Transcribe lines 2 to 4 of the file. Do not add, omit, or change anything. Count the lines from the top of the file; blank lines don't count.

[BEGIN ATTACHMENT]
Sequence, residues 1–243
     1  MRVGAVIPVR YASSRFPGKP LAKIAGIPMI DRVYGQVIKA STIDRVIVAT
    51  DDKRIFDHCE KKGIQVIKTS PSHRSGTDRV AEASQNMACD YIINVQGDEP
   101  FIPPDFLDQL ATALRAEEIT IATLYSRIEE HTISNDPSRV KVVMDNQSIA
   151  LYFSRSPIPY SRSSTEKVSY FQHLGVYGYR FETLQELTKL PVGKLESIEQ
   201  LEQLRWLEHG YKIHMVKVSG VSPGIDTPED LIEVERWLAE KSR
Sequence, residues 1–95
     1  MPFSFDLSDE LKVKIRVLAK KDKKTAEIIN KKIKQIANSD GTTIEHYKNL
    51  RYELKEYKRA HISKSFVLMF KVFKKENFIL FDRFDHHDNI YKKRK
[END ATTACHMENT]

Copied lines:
     1  MRVGAVIPVR YASSRFPGKP LAKIAGIPMI DRVYGQVIKA STIDRVIVAT
    51  DDKRIFDHCE KKGIQVIKTS PSHRSGTDRV AEASQNMACD YIINVQGDEP
   101  FIPPDFLDQL ATALRAEEIT IATLYSRIEE HTISNDPSRV KVVMDNQSIA